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Time for Apple to Take a Bite Out of the Broadband Problem

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Walk around New York City and you'll see Apple's white headphones sticking into many people's ears. Walk past a Starbucks and you'll see the glow of the Apple on many people's laptops. In the last 12 years, since the introduction of the iPod, Apple has become a part of our lives. For good reason: They make quality products and have marketing campaigns that are second-to-none. Aside from some tax issues; maybe some antitrust snafus and an ongoing war with Samsung, Apple has been a pretty model corporate actor -- even getting a mention and a seat of honor at President Obama's State of the Union speech last year.

Despite the stock being far off its highs, it is still one of the best performing companies over the last five years. With the success in sales, smart cost-savings strategies and strong management, Apple has built up a war chest of some $159 billion. A lot can be done with that. Some argue the company should raise their dividend; others want them to go on an acquisitions spree.

There is something very specific Apple can do with that money, that will help the entire country and their bottom line. It's time for Apple to take on the task of (re)building the American broadband infrastructure. Apple can anchor the National Broadband Plan. Google, in another attempt to push barriers (driverless cars, Google Glass, etc.) is installing Google Fiber in Austin, Kansas City and Provo with plans to expand to another eight cities in the coming years but that's just specific metropolitan areas. Not enough is being done for the overall infrastructure.

The necessary upgrades to create a nationwide fiber optic system are exorbitant -- north of $140 billion. Verizon has cited costs as a reason to not follow-through on their plan. Comcast is fighting a battle for Time Warner and may be entirely incapable of footing the bill -- but Apple, with their billions could act as the backer for everything. Even if they footed the entire bill, Apple would have enough left over to most of Tesla or T-Mobile.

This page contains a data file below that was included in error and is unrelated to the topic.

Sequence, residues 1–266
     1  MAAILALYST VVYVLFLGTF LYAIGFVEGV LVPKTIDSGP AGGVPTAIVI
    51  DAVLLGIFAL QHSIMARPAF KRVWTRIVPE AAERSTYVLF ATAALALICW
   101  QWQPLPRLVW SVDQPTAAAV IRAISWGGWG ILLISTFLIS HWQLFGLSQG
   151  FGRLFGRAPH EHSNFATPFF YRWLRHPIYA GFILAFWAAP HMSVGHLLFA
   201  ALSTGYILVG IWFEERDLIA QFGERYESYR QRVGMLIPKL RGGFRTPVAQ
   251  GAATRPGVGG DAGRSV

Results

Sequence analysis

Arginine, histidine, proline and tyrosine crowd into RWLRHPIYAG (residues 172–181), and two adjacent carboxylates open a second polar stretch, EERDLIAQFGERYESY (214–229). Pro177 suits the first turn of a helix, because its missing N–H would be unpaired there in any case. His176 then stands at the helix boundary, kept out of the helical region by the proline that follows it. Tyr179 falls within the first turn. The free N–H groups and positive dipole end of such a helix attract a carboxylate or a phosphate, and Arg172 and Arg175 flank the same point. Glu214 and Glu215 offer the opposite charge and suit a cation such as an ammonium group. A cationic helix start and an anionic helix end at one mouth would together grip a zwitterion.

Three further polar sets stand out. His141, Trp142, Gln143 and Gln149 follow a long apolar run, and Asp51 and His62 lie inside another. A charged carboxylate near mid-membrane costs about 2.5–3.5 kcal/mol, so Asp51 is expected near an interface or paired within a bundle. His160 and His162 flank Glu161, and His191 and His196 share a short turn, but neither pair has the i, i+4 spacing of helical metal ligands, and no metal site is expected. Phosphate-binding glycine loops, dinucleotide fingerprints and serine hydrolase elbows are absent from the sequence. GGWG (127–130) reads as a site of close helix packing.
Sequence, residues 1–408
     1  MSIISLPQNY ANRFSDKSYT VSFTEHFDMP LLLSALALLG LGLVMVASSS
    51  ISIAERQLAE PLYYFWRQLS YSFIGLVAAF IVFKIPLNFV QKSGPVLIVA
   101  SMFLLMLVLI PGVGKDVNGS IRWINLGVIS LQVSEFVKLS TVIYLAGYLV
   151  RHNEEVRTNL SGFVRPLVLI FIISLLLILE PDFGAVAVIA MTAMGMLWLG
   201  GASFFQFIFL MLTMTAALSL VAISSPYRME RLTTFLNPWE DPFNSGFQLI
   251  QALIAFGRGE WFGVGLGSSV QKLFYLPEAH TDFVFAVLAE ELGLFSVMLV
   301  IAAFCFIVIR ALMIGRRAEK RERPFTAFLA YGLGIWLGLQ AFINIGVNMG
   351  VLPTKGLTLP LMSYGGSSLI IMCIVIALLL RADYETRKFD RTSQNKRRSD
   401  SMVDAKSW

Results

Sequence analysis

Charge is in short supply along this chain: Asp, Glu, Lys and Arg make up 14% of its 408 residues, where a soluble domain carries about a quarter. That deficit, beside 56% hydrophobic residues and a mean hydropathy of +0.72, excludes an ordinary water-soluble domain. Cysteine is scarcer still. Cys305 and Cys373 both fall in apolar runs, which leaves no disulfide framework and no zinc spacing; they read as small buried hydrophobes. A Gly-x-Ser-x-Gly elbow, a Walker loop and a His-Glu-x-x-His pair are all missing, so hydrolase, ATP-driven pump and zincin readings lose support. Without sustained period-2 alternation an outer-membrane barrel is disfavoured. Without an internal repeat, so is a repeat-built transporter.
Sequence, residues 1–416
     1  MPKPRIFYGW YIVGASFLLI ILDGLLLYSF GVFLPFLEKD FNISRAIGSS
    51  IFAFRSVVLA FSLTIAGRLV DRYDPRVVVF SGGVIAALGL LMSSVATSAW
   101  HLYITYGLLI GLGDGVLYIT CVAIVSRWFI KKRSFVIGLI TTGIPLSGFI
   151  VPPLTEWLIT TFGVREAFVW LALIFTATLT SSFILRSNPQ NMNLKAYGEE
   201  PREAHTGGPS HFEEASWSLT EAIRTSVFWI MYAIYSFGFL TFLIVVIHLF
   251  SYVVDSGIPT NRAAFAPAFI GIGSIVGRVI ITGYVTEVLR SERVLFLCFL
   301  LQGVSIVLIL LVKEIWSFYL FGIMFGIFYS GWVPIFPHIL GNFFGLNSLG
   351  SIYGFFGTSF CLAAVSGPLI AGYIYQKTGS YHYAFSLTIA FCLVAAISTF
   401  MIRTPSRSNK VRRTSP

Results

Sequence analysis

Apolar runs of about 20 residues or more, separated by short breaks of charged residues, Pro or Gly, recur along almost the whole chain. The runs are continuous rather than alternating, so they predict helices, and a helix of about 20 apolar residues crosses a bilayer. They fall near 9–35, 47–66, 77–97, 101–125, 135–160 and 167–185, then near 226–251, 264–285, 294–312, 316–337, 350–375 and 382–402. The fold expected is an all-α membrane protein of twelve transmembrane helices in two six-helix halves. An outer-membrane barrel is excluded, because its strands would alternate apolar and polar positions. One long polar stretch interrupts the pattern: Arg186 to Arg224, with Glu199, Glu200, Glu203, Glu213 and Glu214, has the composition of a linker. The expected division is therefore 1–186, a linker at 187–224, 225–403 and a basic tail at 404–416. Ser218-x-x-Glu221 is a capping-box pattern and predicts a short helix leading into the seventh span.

America is falling behind in the global chase of higher broadband speeds. Enough studies show that. But you only need to log-on in your home or office to recognize that the potential power of the Internet is still far from your grasp. Netflix is stalled, songs take too long to download, you can't watch sports without the image pausing just as the game winning shot goes up. If there weren't so many other problems with the American infrastructure -- bridges and highways falling apart, widespread power outages during storms, airports that are laughably pathetic compared to the rest of the first world -- we would all be up in arms that none of the companies that can do anything to change the situation are doing enough.

Broadband use also means jobs. It's just that simple. A Brookings Institution study showed a positive correlation between broadband use and employment in a number of industries. Among U.S. states, every one percent increase in broadband penetration projected an annual employment increase of 0.2 to 0.3 percent.

A McKinsey Global Institute study "attributed 3.4 percent of GDP in major developed and emerging economies to the Internet and found that small and medium businesses heavily using Internet technologies grew and exported twice as much as competitors, while also enjoying a 10 percent productivity advantage." According to the Council on Foreign Relations, analysts also estimated that the Internet created 2.6 jobs for every job it destroyed, and determined that 21 percent of GDP growth over the past five years in mature economies was due to the Internet, with three-quarters of this coming from traditional industries.

Australia and France use government funds for their national broadband investment programs directly to build new broadband infrastructure. Here in the U.S., we're all about competition and getting government off our backs. This is a perfect opportunity for those politicians (see: Paul, Rand and Cruz, Ted) who push this line of thought to urge corporate American to take the lead on this necessary development. Apple can not only boost their CSR (corporate social responsibility) image but likely make money by taking on the role of a utility provider. Plus, faster download speeds mean more usage of their own products and even more sales through iTunes.

There are many things to do with $159 billion, this is just one idea. An idea that helps the company and country.

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